Henry G. Brandt / Walter Kardinal Kasper / Jörg Bremer

God’s Presence in Judaism and Christianity: A Conversation

Edited by Jörg Bremer

The conversation between two witnesses of the century: Walter Kasper, German theologian and cardinal, spent many years as the head of the Vatican Commission of the Holy See for Religious Relations with the Jews. Rabbi Henry Brandt, who has been the chairman of the General Rabbinical Conference of Germany since 2004, has been committed to the Jewish-Christian conversation for decades. Both are witnesses of 20th century history, a century full of wars and crimes against humanity. Many people experienced it as an epoch of »God’s absence«. In a conversation with the FAZ newspaper journalist and historian Jörg Bremer, they join in examining the question of what »God’s presence« means for Jews and Christians today. With a foreword by the German Ambassador to the Holy See, Annette Schavan.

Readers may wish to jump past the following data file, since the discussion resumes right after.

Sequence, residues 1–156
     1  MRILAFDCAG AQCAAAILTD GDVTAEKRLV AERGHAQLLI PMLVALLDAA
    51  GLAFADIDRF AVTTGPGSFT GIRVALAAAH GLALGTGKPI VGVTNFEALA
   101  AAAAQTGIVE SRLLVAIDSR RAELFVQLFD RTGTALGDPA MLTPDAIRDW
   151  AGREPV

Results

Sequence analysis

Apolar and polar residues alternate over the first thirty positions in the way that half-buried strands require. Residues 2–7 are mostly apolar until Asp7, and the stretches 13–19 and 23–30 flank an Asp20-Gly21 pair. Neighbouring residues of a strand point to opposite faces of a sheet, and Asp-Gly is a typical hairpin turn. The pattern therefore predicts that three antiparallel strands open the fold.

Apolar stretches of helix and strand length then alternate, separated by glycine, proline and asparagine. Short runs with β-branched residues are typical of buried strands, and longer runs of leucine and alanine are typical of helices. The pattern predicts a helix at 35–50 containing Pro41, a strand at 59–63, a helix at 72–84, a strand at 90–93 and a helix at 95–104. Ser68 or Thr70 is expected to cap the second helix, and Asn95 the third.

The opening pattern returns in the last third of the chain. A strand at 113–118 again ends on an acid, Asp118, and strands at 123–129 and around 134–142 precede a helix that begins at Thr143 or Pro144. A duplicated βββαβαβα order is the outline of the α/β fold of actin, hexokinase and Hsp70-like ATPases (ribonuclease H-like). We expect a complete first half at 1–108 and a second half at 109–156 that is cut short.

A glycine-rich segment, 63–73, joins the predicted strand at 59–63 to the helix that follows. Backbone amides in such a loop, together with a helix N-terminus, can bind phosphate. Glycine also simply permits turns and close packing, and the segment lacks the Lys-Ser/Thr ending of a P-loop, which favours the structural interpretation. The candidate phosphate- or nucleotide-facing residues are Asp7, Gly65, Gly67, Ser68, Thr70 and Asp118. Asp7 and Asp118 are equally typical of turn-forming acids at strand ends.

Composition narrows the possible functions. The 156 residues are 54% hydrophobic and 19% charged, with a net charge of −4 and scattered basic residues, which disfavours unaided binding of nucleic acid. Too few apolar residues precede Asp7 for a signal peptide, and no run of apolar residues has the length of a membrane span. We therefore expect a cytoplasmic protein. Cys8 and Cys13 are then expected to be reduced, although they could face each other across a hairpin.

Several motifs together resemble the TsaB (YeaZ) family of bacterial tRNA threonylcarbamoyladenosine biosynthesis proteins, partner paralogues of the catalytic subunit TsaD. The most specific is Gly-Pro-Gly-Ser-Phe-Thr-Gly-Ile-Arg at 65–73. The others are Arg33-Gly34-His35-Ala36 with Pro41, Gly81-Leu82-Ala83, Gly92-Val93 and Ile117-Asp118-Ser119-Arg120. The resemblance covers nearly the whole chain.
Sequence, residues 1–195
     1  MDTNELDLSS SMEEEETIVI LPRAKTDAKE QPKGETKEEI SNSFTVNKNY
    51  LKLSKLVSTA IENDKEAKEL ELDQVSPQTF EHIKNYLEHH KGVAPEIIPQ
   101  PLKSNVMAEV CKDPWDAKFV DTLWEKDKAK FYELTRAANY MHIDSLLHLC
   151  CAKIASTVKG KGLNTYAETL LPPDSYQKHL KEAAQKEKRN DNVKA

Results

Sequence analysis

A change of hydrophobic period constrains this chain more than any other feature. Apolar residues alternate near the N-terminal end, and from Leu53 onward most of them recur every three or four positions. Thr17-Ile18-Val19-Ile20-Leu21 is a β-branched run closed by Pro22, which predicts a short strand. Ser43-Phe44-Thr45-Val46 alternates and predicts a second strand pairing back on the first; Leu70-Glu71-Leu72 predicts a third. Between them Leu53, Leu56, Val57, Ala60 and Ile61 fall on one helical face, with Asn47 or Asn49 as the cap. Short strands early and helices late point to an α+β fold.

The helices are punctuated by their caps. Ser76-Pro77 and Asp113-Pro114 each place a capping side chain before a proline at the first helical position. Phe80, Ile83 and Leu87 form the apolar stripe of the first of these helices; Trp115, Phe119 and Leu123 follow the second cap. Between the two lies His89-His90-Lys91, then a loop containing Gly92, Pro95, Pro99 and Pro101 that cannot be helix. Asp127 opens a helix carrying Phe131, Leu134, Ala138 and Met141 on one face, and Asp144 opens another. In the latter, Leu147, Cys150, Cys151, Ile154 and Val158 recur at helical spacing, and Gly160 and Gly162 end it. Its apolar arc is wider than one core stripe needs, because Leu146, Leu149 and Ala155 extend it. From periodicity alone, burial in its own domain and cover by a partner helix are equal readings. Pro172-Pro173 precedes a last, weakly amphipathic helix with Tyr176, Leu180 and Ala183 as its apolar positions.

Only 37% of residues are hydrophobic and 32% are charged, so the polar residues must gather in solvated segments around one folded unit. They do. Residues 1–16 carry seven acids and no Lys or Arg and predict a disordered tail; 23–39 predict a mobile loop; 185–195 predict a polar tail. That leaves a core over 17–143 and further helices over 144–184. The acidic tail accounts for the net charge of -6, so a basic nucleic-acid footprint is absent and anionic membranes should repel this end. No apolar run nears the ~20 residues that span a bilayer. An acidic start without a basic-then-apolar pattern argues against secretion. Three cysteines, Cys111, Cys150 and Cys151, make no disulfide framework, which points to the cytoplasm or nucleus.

• Two top representatives of Christianity and Judaism
  • Faith in modern societies
  • Future of religions

ISBN: 978-3-8436-1071-1
Hardcover with dust jacket
ca. 128 pages
Format 13 x 21 cm
EUR ca. 14.00

Title in German

The Authors

Henry G. Brandt

Following his community work in Great Britain, Switzerland and Sweden, Henry G. Brandt, German rabbi and leading representative of liberal Judaism, was the State Rabbi of Lower Saxony and then Westphalia-Lippe. Since 2004, he has been the Chairman of the General Rabbinical Conference of Germany.

© Kardinal-Walter-Kasper-Stiftung Vallendar

Walter Kardinal Kasper

Walter Cardinal Kasper, born in 1933, doctorate and professor in dogmatic theology, 1989–1999 Bishop of the diocese Rottenburg-Stuttgart, 2001–2010 President of the Pontifical Council for the Promotion of Christian Unity.

© Privat

Jörg Bremer

Dr. Jörg Bremer began working as an editor of the Frankfurter Allgemeine Zeitung newspaper in 1978. He has lived with his family in Rome since 2009 and reported on Italian politics and the Vatican as a correspondent until the end of 2017. The social historian has written several non-fiction books, especially about culture and politics in Israel. He is a member of the German-language Lutheran congregation in Rome and has experienced the debate described in this book at a close proximity.